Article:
This is a complex system that requires precise inventory management and attention to detail, and it is more costly than simply bottling everything all at once each year. But, the Solera system is a key part of what makes sherry so unique, and remarkably consistent from year to year. By law, all Bodegas must follow this process.
What happens inside those barrels adds even more complexity, and creates the various styles of sherry. There are two fundamentally different ways that sherries can be aged: Biological, or Oxidative. Each produces different types of sherry.
With biological aging, the fortified base wine is barreled and left to its own devices. Naturally occurring, wild yeast strains settle onto the surface of the wine and begin to grow, creating a layer of flor (literally, “flower” of yeast) on top of the wine as it ages.
Essentially, each barrel becomes its own dynamic, living biosphere! As the yeast propagates, it not only creates special flavors in the wine, it also performs two other important functions. First, the yeast is eating up the remaining sugar in the wine. If allowed to complete its mission, the yeast will eat virtually all the sugar and result in wine with nearly zero net carbs! The second important function of the layer of flor is to protect the wine from oxygen, which preserves and enhances the natural flavors of the grape.
Following the rules of sherry-making, only Palomino grapes can be aged under flor. The resulting wines are only Manzanilla if aged in the town of Sanlucar de Barrameda, or Fino if it is aged anywhere else in the Sherry Triangle. (We’ll discuss the characteristics of these two and all the other various styles of sherry later in the course.)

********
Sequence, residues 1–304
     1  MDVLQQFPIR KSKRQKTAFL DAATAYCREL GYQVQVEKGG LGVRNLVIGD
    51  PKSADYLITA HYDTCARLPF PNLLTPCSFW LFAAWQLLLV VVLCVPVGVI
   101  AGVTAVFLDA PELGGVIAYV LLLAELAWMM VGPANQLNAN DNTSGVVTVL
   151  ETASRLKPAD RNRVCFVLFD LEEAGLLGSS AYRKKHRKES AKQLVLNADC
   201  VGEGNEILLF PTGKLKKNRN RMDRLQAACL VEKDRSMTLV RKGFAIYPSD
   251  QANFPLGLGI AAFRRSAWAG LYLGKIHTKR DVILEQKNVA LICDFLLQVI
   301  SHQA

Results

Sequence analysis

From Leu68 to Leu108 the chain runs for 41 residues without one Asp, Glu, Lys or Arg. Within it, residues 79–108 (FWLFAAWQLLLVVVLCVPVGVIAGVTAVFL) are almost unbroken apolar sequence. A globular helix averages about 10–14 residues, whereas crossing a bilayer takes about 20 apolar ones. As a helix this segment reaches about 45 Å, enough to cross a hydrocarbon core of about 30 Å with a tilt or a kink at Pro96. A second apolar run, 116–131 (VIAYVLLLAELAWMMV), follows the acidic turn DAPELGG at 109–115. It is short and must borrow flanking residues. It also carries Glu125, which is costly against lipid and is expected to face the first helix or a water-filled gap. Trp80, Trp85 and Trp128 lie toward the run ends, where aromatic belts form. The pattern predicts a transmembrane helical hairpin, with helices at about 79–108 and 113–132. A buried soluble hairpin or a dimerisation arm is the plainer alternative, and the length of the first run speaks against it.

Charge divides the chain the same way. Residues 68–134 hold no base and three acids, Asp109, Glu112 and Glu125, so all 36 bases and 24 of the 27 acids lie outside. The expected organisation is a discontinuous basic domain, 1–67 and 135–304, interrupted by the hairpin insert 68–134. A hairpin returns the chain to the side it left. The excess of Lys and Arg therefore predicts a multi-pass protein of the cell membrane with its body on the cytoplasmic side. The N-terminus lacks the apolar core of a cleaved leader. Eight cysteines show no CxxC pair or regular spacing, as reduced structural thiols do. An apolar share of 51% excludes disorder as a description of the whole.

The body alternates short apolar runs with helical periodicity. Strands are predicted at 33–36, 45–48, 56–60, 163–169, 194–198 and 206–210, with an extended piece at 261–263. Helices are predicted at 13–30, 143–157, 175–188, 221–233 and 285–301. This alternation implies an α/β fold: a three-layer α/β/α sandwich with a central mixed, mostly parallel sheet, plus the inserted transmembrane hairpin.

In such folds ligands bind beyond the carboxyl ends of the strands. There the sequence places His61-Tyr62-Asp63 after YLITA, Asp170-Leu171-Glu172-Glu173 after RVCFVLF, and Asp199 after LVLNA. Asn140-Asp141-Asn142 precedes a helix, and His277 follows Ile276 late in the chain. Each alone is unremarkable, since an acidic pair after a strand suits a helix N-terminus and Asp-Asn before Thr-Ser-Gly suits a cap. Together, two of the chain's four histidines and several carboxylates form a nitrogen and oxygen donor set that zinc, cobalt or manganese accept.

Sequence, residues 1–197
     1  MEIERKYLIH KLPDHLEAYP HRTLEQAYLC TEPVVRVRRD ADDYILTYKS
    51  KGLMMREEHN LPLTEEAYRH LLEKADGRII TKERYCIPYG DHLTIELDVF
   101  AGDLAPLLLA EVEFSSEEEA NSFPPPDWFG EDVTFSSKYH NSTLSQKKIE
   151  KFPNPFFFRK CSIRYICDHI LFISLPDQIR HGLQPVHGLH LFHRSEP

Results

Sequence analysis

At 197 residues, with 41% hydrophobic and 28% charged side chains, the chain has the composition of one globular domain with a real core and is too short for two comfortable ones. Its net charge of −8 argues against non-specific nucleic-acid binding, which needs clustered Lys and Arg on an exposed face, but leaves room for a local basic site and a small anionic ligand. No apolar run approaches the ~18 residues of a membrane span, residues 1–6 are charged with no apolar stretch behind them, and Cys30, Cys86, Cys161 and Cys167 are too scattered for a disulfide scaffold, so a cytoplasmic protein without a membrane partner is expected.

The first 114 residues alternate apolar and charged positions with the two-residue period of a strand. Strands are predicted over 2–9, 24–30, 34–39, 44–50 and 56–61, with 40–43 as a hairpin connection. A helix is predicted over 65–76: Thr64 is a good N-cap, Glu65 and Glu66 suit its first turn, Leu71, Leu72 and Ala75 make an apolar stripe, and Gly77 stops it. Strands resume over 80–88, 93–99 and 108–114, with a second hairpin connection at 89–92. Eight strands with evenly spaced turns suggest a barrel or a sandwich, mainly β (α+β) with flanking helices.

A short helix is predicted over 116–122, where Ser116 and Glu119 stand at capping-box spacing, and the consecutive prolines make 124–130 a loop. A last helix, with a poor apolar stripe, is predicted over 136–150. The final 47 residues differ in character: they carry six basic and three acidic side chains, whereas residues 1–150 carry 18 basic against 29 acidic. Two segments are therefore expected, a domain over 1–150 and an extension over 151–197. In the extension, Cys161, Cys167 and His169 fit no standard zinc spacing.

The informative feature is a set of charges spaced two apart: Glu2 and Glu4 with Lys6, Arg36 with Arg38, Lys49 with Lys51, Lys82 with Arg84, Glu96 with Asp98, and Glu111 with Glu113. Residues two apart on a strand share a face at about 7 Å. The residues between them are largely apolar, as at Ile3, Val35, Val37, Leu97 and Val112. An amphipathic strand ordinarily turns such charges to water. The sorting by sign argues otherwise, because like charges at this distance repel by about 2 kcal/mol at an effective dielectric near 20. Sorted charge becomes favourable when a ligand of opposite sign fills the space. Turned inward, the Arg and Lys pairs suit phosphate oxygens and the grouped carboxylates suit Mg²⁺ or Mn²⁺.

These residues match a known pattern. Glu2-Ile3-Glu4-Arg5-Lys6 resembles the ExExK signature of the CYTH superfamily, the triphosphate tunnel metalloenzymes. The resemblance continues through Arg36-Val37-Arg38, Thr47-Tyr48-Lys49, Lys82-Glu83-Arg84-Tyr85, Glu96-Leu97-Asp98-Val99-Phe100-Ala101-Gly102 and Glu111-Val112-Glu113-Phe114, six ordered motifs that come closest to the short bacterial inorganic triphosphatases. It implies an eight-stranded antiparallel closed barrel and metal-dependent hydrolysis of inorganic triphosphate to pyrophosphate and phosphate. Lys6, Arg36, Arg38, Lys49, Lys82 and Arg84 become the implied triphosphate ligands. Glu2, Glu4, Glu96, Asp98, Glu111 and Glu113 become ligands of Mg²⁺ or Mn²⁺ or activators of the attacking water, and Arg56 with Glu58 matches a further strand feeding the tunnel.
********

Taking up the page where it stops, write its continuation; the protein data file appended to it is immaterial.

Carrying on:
However, after the biological aging is complete the winemaker may choose to continue with further aging of the wine in oxidative conditions, which means in contact with the air, or oxygen. The resulting sherry will be Amontillado.
Or, in some cases Mother Nature intervenes and the flor may die off earlier than expected in a particular barrel; these barrels are also moved into oxidative aging. At the winemaker’s discretion, some may become Amontillado, or those barrels with special character are set aside to eventually become Palo Cortado sherry.
While the biological-aging-only sherries of Fino and Manzanilla are crisp, bright, light, and refreshing, those sherries that undergo oxidative aging become richer, fuller bodied, with more structure.
Oloroso is a major type of sherry which is also made from the Palomino grape like those above, except the base wine goes directly and only into oxidative aging. Oloroso sherry is the richest and typically the oldest-aged sherry among the dry sherry styles.
The two main sweeter styles of sherry also undergo oxidative-only aging, but they come from different grapes. Moscatel sherry is made from Moscatel grapes, and Pedro Ximenez is made from the Pedro Ximenez grape. Both are harvested very late, so as the let the grapes accumulate extra sugar, then sun-dried into raisin-like fruit with exceptional flavor concentrations. Only then do they undergo fermentation, fortification, and aging.